Today is birthday number 10 for our sweet golden retriever, Sunshine’s Agatha Super Sleuth – better known as Aggie
Normally I don’t do nutty things like celebrate a dog’s birthday, but we’re so grateful to have her still with us after a couple of scary bouts with pancreatitis last year. Besides, a couple of her youngest fans thought it would be a great idea.
So we threw a little party for her last weekend, complete with a piÃ±ata filled with treats and squeaky balls for the dogs. And a fabulous carrot cake for the humans.
Chocolate cake, usually my first choice, was out of the question since we were pretty sure that the youngest guests would to try to sneak the honoree a taste. That would have been a disaster. Dogs can’t tolerate the theobromine in chocolate.
This cake was so good, though, no one even missed the chocolate. Banish all memories of soggy, leaden carrot cake overpowered by an excess of cinnamon and cooking oil. This cake from Dorie Greenspan’s “Baking: From My Home to Yours” (Houghton Mifflin, 2006) carries a full load of carrots, coconut, pecans and raisins without feeling heavy or soggy. The flavors are rich and nicely balanced, with just enough cinnamon to make it appealing.
Part of the secret, I think, is this variation uses less oil than most traditional carrot cakes. The recipe I used for years calls for 1 1/2 cups oil. So do most of the recipes I looked up in my many baking books before I found this one, which cuts the oil by a third.
Dorie Greenspan always comes through. Her recipes, written in her trademark chatty and generous style, always work.
I made few alterations to the cake, which Dorie credits to an old friend, Bill Bartholomew. Sunflower oil substituted for canola, which I detest for its lingering aftertaste, and the cake was baked in two layers instead of three. (I only have two 9-inch pans and wasn’t about to buy a third.)
The layers did sink a bit in the middle, but a generous layer of icing took care of that. Toasted coconut filled in the slight depression prettily.
With a scoop of ice cream, you couldn’t ask for a better birthday cake.
Too bad Aggie couldn’t have a slice. But we love her and want to keep her around as long as possible.
Happy birthday, dear Aggie!
A CARROT CAKE IN AGGIE’S HONOR
For the cake:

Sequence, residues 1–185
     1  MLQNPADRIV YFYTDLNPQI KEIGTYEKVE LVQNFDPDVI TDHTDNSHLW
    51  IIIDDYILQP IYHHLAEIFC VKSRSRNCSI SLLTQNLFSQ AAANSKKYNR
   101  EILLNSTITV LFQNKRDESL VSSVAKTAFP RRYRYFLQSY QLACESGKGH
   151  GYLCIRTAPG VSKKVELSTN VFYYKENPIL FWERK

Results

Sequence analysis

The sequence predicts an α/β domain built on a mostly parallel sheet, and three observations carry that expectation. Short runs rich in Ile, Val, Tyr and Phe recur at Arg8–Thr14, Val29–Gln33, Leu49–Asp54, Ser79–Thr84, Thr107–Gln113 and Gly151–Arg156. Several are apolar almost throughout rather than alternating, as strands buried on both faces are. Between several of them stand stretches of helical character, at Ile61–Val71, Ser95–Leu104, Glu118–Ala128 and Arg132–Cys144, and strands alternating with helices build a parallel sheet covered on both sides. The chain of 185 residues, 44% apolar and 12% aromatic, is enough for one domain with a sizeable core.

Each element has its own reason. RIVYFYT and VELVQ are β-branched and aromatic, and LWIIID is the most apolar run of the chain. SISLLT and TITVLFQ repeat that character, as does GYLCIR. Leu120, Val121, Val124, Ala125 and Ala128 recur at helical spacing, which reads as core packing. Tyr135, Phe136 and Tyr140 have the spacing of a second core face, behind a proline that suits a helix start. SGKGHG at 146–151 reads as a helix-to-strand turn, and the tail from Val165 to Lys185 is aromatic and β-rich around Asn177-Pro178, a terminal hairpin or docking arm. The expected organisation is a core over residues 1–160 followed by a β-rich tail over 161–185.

1/2 cup raisins
1 cup pecans
2 cups all-purpose flour
2 teaspoons baking powder
2 teaspoons baking soda
2 teaspoons ground cinnamon
3/4 teaspoon salt
3 cups grated carrots (3-4 large carrots)
1 cup shredded unsweetened coconut
2 cups sugar
1 cup sunflower or other vegetable oil
4 large eggs
For the icing:
8 ounces cream cheese, at room temperature
1/2 cup (1 stick) unsalted butter, at room temperature
1 pound (about 4 cups) powdered sugar, sifted
1 tablespoon fresh lemon juice
1/2 cup flaked coconut for topping, toasted (optional)
Preheat oven to 325 degrees. Butter two 9-x-2-inch round baking pans and dust with flour, tapping out excess. Using parchment paper and pencil, trace around outside of pan bottoms and cut out circles. Press parchment circles in bottom of pans and butter lightly.
Place raisins in a small bowl and drizzle with a tablespoon or two of boiling water to plump them up. Drain and set aside.
Place pecans on a baking sheet in a single layer and slide into oven to toast until lightly browned and fragrant, 5-10 minutes. Remove nuts from oven, let cool and chop coarsely. Set aside.
In a medium bowl, whisk together flour, baking powder, baking soda, cinnamon and salt to blend. In another medium bowl, combine chopped pecans, raisins, carrots and coconut.
In the work bowl of a stand mixer fitted with a paddle attachment, beat together the sugar and oil at medium speed until smooth and fluffy. Beat in eggs, one at a time. When batter is smooth and shiny, reduce the mixer speed to low and add the flour mixture. Mix only until the dry ingredients are incorporated, then gently mix in the wet and chunky ingredients. Divide the batter between the pans and smooth the top.
Bake for 40-50 minutes until the cakes begin to pull away from the sides of the pans and a thin knife inserted into the center comes out clean. Cool cakes in their pans on a wire rack for about 5 minutes. Remove cakes from pans by running a butter knife around the sides of each pan to loosen and turning pan upside down onto a plate. Turn cake right side up, paper side down, and slide back onto the rack. Continue to cool until cakes reach room temperature.
Meanwhile, make the icing in the stand mixer. Beat cream cheese and butter together on medium high speed with the paddle beater until creamy. Add lemon juice and beat a couple of seconds. With mixer on low speed, gradually add sugar until incorporated, then raise speed to high and beat until extremely smooth.
Remove paper liner from first layer and place cake on a large plate. Spread half the icing evenly over top. Remove paper liner from the remaining cake and carefully position the second layer atop the first. Spread remaining icing over top in decorative swirls. Sprinkle with toasted coconut.
Adapted from “Baking: From My Home to Yours,” by Dorie Greenspan